A file compressor is great for shrinking stored files, but it depresses me whenever I see a file grow instead of shrink. So what I am looking for is a file compression algorithm that never inflates any files, although it is allowed that some files (not all of course!) have the same length after "compression". Ideally it should work on files of all sizes, but I would be satisfied with a compressor that operates only on files larger than 1MB.
Can you provide such an algorithm? No programming knowledge is required for this problem.
(In reply to Ideas
... and in addition to coding for strings of repeated 0's and repeated 1's, the zipper could identify repeated patterns n-bits in length, '01' for example. Repeated colors in an image file would be a repeating 8 bit pattern, I suppose.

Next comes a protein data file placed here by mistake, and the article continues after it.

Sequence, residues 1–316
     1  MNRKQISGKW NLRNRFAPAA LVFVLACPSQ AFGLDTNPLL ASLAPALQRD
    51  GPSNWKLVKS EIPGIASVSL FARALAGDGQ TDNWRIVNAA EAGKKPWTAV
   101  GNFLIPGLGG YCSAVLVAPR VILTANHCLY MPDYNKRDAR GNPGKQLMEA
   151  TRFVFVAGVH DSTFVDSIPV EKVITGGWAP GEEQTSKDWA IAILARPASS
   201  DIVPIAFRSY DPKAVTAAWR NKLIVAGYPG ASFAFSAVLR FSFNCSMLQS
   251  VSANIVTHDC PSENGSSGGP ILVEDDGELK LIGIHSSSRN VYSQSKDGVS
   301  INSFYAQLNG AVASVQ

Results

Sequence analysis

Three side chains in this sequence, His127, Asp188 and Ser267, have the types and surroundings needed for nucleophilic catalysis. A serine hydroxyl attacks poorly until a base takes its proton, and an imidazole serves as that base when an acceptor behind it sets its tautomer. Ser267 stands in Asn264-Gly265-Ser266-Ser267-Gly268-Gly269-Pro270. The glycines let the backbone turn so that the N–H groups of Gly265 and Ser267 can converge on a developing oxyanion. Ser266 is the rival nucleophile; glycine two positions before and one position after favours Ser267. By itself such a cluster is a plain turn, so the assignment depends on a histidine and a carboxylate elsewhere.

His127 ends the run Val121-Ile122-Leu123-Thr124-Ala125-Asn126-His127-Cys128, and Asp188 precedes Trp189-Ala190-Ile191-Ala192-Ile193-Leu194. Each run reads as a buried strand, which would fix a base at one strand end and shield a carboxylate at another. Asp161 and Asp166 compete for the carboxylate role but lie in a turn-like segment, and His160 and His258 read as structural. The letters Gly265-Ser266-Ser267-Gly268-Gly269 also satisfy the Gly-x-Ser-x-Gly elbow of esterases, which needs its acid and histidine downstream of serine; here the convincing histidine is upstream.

Also: Jer said "A 1MB (8,000,000 bits more or less) file of randomly chosen bits is
likely to have a string of 23 0's or 1's in a row. The position of
the string would take 13 bits to encode, the length of the string takes
5 bits and the specification of 0's or 1's takes 1 bit."
I'm not sure you'd have to encode the position in the file, since the decoder would just go right on down the line taking the information in order; like a ribosome ka-chunking its way down an mRNA molecule and adding an amino acide to the growing protein molecule.
Posted by Larry
on 2006-10-18 20:45:07